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To the Editor:—
In reply to Dr. Knapp, I can only point out that much of the clinical evidence accumulated in medicine about the toxic effects of a drug is based emperically upon guilt by association. Incriminating a single factor, such as disturbed cardiovascular function, intravenously administered lidocaine hydrochloride, other drugs used in treatment, or a combination of these influences is unsatisfactory in the analysis of a single case. Despite overwhelming evidence of the neurotoxicity of lidocaine in patients with infarction and arrhythmias and in normal volunteers, there is no absolute proof that lidocaine caused the neurological disturbances observed in this case. Nevertheless, it is hard to ignore the association in this case between the infusion of lidocaine and the progressive appearance of undesirable neurological symptoms and signs closely resembling observations reported by others. Obviously, it is fortunate that Dr. Knapp's patient did not convulse during the infusion of procainamide.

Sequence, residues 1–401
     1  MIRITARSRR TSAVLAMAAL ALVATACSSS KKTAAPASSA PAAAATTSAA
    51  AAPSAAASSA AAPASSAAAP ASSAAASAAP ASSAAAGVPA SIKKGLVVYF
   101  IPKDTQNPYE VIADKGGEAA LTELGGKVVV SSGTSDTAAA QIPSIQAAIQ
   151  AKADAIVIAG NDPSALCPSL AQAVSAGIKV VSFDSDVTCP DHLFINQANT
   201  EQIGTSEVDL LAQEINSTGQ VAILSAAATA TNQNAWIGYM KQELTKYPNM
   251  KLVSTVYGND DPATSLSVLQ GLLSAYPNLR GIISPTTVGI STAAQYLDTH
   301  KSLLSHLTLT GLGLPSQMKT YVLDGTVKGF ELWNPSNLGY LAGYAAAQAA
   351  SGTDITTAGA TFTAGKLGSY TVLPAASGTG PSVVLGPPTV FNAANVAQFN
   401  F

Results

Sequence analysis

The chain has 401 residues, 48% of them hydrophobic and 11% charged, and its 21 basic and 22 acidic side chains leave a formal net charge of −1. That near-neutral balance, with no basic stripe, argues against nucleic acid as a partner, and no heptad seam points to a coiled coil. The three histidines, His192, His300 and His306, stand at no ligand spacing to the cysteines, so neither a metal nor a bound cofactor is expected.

Crampton RS. Lidocaine and Myocardial Infarction. JAMA. 1968;206(3):648. doi:10.1001/jama.1968.03150030103034
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